Jordache Williams Atlas ConceptsJordache Williams, of Rock Hill, South Carolina, is the Program Manager for Atlas Concepts, LLC.  He understands that sometimes a small piece of information is the difference between success and failure. His contributions to the Shop Talk blog are purposed with sharing relevant information based on his own experiences.

1973 Volkswagen Beetle Restoration, Part 3: Engine & Exterior

1973 VW volkswagen super beetle bug

When I look at these old pictures of my bug, I can’t help but miss the way it was.  Dents, dings, bits of rust, mismatched fenders…it was what I bought and, to me, “it had the look.”  I’m not too sure, as I think back on the restoration process, what drove me…I didn’t really have a vision.  In reality, I had very little automotive experience.  What the car reminds me of now is how much it changed me.  It helped me grow from an average admirer of vintage vehicles to a person who has a much deeper appreciation of the process, dedication and skill required to accomplish auto restoration.  As I believe the beetle holds the record for the longest-running body type of all time, I’ll spare most of the details and attempt to cover the parts of my restoration which are on the ends of the spectrum of good and bad.

True to novice form, I actually had the car painted before the engine work was completed (or started for that matter).  This is a pretty good car to make that mistake on because, of course, the engine is removed from underneath the car.

1973 VW volkswagen super beetle bug

For me, the most difficult item to find for this engine was a K & N Filter to fit the Air Cleaner shown.  I know enthusiasts swear by the stock cleaner, but I haven’t really seen any negative effects of the supposedly erratic air flow created by this style cleaner.  My two favorite modifications are the Gene Berg Oil Temperature Dip Stick and the SCAT Serpentine Belt System.  If your a fan of EMPI you can also check out their comparable Polished Aluminum Pulley System (paid link) as well.

1973 VW volkswagen super beetle bug

After the decklid is closed, there isn’t much to see back here except the CURT trailer hitch (paid link).  Yes, the beetle can tow!  I mostly use the hitch to haul and launch my 14’ foot aluminum jon boat.  Since there’s usually more beetles than anyone wants to see at car shows, this is where my bug really gets some attention.  On the back end, I also refit the entire muffler system.  My biggest complaint is the chrome tailpipes.  There’s just no way to stop them from rusting.  Mid America Motorworks lists a set made of polished stainless steel, which I am sure are much more resilient.  The only issue for me is that anytime I go to make the purchase they are out of stock.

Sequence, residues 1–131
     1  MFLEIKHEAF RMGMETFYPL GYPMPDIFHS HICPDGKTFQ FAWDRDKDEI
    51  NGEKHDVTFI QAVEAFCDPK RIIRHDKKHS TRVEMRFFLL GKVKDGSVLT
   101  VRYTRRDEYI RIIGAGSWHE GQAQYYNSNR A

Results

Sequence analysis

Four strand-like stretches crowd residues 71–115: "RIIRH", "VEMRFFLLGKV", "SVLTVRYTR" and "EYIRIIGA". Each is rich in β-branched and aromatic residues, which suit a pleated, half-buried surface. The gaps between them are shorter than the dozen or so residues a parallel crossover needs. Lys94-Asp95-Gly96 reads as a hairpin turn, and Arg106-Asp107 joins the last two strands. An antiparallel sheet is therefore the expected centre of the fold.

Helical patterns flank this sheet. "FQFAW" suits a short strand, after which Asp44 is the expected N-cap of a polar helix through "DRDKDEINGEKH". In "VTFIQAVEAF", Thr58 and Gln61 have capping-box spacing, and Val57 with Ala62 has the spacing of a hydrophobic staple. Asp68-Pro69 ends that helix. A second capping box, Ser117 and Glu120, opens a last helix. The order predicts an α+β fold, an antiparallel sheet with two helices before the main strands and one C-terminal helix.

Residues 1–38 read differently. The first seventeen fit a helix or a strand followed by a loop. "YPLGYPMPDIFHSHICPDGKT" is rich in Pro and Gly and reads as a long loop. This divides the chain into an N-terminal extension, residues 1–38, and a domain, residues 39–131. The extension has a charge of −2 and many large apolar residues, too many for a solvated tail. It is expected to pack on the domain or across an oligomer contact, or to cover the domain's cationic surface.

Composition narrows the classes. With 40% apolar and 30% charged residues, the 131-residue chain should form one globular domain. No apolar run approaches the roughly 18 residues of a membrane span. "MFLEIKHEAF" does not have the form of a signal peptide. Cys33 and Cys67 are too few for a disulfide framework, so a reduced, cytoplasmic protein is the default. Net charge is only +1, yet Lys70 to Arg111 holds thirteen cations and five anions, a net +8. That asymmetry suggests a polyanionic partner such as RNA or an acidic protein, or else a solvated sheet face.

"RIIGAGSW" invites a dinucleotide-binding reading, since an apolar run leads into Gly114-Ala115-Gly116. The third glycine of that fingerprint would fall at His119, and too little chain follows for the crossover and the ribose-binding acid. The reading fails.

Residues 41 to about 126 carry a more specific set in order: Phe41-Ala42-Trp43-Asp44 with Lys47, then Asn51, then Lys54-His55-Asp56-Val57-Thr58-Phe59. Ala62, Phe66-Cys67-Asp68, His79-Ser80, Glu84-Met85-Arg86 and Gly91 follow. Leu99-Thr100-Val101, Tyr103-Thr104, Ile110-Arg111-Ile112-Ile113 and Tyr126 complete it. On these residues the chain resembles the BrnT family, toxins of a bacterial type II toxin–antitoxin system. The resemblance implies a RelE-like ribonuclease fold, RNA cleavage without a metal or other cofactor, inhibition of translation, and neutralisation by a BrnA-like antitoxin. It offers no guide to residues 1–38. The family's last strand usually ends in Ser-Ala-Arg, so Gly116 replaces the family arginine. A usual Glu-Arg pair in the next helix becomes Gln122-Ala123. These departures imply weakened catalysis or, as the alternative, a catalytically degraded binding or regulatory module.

The question I get the most about my Super Beetle is, “Is that (truck) bed liner on your fenders?”  The answer is yes.  The story behind the bed liner is also telling of my level of experience when I was completing this project.  As you can see in the first picture, the passenger side rear fender was damaged.  I proceeded to hit the fender with a hammer (a wooden handled, homeowner type hammer) until it appeared to be close to normal.  Then, using body filler for the first time, I called myself doing body work.  The truth of the matter is that the bed liner was something that came to mind when I was searching for a way to mask my shady workmanship.  So in a nutshell, this is the story that usually starts every conversation I have about this car.  Inadvertently, total strangers constantly remind me that if I reach my hand underneath that fender, I can literally count the dents and tell how many times I hit it.  It is of note that the particular bed liner I used was Herculiner (paid link).  While it was very easy to apply (it rolls on with a paint roller), it faded tremendously over the first summer, in a matter of months.  At the time I didn’t know that it wasn’t UV resistant, so to fix the mess, I merely taped the car off and spray painted the fenders gloss black and then clear coated them.  That fix has held up (for the most part) for over 3 years.